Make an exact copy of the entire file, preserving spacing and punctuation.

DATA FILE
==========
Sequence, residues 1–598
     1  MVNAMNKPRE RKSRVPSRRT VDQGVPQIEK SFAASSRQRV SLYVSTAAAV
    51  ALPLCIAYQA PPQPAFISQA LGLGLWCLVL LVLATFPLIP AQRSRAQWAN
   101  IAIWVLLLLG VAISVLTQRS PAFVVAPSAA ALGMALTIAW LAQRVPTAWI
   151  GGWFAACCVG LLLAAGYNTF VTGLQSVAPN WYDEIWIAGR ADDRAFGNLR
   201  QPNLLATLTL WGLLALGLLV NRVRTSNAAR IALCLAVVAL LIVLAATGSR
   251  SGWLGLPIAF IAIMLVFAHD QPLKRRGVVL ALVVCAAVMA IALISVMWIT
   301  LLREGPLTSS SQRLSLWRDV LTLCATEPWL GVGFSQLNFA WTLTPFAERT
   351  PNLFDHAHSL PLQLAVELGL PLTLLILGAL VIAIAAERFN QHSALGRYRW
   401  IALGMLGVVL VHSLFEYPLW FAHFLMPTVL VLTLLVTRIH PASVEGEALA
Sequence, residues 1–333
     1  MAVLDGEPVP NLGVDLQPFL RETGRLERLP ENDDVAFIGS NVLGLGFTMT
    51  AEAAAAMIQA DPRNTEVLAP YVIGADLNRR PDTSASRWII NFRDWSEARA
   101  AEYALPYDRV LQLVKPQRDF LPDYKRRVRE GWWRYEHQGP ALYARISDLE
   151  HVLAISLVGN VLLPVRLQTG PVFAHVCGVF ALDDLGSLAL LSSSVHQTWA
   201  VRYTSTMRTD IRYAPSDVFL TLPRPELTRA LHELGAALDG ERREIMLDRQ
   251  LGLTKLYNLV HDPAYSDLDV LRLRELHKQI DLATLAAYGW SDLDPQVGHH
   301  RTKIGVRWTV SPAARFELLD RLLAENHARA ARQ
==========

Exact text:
Sequence, residues 1–598
     1  MVNAMNKPRE RKSRVPSRRT VDQGVPQIEK SFAASSRQRV SLYVSTAAAV
    51  ALPLCIAYQA PPQPAFISQA LGLGLWCLVL LVLATFPLIP AQRSRAQWAN
   101  IAIWVLLLLG VAISVLTQRS PAFVVAPSAA ALGMALTIAW LAQRVPTAWI
   151  GGWFAACCVG LLLAAGYNTF VTGLQSVAPN WYDEIWIAGR ADDRAFGNLR
   201  QPNLLATLTL WGLLALGLLV NRVRTSNAAR IALCLAVVAL LIVLAATGSR
   251  SGWLGLPIAF IAIMLVFAHD QPLKRRGVVL ALVVCAAVMA IALISVMWIT
   301  LLREGPLTSS SQRLSLWRDV LTLCATEPWL GVGFSQLNFA WTLTPFAERT
   351  PNLFDHAHSL PLQLAVELGL PLTLLILGAL VIAIAAERFN QHSALGRYRW
   401  IALGMLGVVL VHSLFEYPLW FAHFLMPTVL VLTLLVTRIH PASVEGEALA
Sequence, residues 1–333
     1  MAVLDGEPVP NLGVDLQPFL RETGRLERLP ENDDVAFIGS NVLGLGFTMT
    51  AEAAAAMIQA DPRNTEVLAP YVIGADLNRR PDTSASRWII NFRDWSEARA
   101  AEYALPYDRV LQLVKPQRDF LPDYKRRVRE GWWRYEHQGP ALYARISDLE
   151  HVLAISLVGN VLLPVRLQTG PVFAHVCGVF ALDDLGSLAL LSSSVHQTWA
   201  VRYTSTMRTD IRYAPSDVFL TLPRPELTRA LHELGAALDG ERREIMLDRQ
   251  LGLTKLYNLV HDPAYSDLDV LRLRELHKQI DLATLAAYGW SDLDPQVGHH
   301  RTKIGVRWTV SPAARFELLD RLLAENHARA ARQ